Linux Fanboy Meets, Struggles With, and Wins Against a Windows 10 ISO | Hacker Noon

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@ConfessDataNerdJon Moore

Software tester extraordinaire. Aspiring data engineer and stats professor.

Recently I decided that it was time to bite the bullet and start using Windows 10 on at least one of my main computers. I’m pretty new here, so you probably don’t know that I’m a big fan of Linux.

I’ve used many different Debian based distros over the years, and not long ago I installed Pop!_OS (created by System76 for their Linux machines) on my desktop computer(Unfortunately not a System76). So far, no regrets.

I currently work as a contractor for the Department of State, so as anyone who’s worked for the government knows, virtually everything you do involves Windows in some way.

Therefore, with great trepidation, I decided to sacrifice my ThinkPad T440 for the greater good. I thought that this would be the hardest part, but unfortunately my suffering had just begun.

I popped my off-brand 30 GB thumb drive into my Desktop, opened up my GUI disk utility (lazy, I know), selected the thumb drive, clicked the option to restore to a disk image, selected the Windows ISO I previously spent an hour downloading, and kicked off the process.

After about 20 minutes it was done and I was good to go. I plugged the USB drive into my ThinkPad, fired it up, and……no dice. It wouldn’t boot. I’ve been down this road many times before with various Windows and Linux distros, so I wasn’t deterred.

“There’s always another method or tool out there that can get the job done!”, I thought, and I was determined to do it using Linux.

Next up, I decided to do all of the formatting and partition creation myself (still through the GUI. I know, lazy), and then copy the files over manually from the mounted ISO file. So I formatted the drive, GPT and NTFS, copied the files, booted up the ThinkPad and….still, no dice.

“It must be formatted incorrectly!”, I thought. So I tried every combination of formatting that the system would allow. Still, no luck. There was a glimmer of hope at one point when I formatted the partition using the ExFat file system, but my hopes were dashed by a blinking cursor. Good lead, but not quite enough.

At this point I decided that there must be a tool compatible with Linux out there that can attach this Windows ISO for me. There may be, but unfortunately I wasn’t able to find it.

I tried many tools including UNetBootin and multibootusb, but nothing seemed to work. The image would either be corrupted, wouldn’t boot, or would mock me with a blinking white cursor again.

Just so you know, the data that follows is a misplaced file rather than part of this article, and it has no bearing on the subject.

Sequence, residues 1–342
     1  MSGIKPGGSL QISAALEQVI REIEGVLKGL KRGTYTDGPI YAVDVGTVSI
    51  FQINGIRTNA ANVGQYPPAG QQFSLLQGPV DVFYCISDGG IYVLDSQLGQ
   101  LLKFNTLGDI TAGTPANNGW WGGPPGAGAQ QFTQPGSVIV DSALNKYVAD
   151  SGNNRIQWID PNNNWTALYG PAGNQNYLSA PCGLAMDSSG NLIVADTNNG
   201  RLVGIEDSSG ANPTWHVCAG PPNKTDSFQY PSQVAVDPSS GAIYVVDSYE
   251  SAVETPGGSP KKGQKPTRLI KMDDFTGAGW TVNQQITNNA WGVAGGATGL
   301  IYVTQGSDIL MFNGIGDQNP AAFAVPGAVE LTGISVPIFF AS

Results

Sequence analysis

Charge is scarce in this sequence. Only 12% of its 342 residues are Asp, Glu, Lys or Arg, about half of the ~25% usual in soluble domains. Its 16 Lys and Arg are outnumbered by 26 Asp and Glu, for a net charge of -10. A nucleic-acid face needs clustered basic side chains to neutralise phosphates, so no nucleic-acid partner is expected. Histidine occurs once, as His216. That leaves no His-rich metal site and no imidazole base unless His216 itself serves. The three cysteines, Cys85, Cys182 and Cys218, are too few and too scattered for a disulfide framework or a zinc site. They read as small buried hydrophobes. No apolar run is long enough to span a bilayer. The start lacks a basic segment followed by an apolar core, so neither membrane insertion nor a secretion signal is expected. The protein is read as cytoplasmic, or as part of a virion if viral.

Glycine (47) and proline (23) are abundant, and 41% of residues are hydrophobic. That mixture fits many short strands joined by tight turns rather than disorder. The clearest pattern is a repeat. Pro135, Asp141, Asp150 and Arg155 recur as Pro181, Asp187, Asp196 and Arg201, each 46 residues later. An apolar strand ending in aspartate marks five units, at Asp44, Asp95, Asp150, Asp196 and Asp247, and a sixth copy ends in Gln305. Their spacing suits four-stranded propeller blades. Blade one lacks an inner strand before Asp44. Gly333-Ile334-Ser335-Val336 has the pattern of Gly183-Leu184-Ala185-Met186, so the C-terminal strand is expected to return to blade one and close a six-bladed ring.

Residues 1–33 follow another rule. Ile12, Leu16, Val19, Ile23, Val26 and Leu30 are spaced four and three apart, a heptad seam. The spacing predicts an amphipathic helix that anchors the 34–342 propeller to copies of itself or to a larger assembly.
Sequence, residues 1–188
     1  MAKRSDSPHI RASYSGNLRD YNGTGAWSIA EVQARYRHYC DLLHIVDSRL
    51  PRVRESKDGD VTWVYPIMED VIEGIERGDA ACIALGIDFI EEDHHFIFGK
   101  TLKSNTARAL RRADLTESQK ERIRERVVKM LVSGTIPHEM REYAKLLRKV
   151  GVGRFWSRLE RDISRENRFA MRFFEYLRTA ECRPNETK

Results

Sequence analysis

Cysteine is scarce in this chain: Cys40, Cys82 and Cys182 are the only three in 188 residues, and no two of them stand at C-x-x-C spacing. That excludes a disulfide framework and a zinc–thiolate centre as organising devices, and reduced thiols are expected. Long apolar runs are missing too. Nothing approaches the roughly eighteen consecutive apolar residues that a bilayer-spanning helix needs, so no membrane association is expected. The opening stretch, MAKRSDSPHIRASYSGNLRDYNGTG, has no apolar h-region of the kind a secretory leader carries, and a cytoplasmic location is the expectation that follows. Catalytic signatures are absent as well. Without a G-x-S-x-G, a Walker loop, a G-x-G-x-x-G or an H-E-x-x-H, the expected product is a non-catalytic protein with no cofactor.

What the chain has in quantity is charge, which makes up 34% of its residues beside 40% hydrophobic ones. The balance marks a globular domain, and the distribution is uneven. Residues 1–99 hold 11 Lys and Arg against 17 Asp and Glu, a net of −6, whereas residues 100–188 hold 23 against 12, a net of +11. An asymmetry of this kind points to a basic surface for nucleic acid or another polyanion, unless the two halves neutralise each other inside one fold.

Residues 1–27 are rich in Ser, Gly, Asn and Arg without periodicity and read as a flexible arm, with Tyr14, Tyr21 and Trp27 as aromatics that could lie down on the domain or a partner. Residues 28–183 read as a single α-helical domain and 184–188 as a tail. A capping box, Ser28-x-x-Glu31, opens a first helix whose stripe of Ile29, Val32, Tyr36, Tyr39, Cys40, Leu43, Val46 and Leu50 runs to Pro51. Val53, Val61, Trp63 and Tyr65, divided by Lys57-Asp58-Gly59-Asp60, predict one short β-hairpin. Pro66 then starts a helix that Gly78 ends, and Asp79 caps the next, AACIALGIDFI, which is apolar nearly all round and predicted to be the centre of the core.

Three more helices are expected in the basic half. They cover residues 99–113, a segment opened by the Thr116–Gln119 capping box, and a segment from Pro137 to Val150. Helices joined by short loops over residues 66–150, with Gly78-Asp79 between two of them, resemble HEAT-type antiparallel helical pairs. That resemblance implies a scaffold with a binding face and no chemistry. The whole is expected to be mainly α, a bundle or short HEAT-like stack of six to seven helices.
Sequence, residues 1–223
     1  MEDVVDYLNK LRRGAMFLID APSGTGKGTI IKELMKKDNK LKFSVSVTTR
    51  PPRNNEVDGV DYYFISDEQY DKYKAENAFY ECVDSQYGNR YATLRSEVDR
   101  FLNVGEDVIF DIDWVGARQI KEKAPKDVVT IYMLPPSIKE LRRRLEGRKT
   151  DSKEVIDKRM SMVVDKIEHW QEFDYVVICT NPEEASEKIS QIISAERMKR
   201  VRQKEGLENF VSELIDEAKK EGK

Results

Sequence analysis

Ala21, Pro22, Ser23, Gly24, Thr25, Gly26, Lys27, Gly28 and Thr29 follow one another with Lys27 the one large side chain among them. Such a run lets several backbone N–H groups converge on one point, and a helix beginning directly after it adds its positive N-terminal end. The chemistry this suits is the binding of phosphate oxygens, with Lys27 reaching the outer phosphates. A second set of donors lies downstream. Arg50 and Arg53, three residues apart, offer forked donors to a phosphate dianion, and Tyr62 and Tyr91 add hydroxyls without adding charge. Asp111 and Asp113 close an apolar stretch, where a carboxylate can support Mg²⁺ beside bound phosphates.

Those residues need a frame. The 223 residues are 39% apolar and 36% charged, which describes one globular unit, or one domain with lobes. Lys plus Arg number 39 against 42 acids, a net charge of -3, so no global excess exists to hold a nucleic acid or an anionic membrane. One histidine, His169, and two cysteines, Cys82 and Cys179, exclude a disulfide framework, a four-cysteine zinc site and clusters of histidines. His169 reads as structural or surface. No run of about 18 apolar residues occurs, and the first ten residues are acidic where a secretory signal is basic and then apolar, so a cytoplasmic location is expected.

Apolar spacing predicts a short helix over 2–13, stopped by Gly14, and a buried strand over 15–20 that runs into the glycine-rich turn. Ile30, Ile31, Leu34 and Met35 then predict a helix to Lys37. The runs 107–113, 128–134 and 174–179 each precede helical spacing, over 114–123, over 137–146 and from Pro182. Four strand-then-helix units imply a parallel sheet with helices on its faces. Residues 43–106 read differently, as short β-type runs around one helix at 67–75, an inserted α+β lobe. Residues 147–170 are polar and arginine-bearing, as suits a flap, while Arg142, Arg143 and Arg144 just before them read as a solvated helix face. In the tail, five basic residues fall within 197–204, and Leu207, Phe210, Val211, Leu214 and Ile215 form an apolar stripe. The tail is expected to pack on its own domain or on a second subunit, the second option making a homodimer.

After one last ditch effort of manually formatting and attaching the ISO to the drive through the Shell (let’s be honest, any self respecting Linux power user would have done this first), I finally threw in the towel. I started thinking maybe I shouldn’t have trusted a thumb drive from Five Below for this task, much less anything else.

After all, you get what you pay for, right? Or perhaps maybe some bit or byte failed to transmit correctly when I was downloading the ISO from Microsoft, and the whole image is trashed. Either way, I was about to find out for sure.

I booted up VirtualBox (my preferred virtualization software), created a new windows 10 machine using my ISO file, and braced myself for the painfully long process of a new Windows installation (Maybe I’m being a bit dramatic. I had been through a lot though, OK?).

After eons of waiting, the installation was done, and I was ready to resolve this once and for all. I opened the devices utility, expecting to see my USB drive, and nothing appeared. I’ll spare you the details, but needless to say, configuring a VM properly warrants its own blog post.

When I got to the point to where the VM could see the devices, I navigated to Microsoft’s download page, downloaded their ISO mounting utility, ran it, and voila, it was finished.

I ejected the drive, plugged it into my beloved ThinkPad, booted it up, crossed my fingers, and saw the four white panes over a blue backdrop. I must say, I’ve never been more relieved to see a Windows logo.

At this moment in time, given my current hardware, I suppose the only way to prepare a Windows 10 ISO correctly is through Windows 10. Maybe I missed some crucial piece along the way.

Perhaps you know someone who can create a tool to complete this task (or can update an existing tool) so that this isn’t necessary. Maybe that will be my next project.

Regardless, the moral of the story is, sometimes its necessary to jettison your favorite tools in favor of one that’s more suited for the job.

Also published at https://dev.to/barbaroja19/linux-fanboy-vs-windows-10-iso-3ko9

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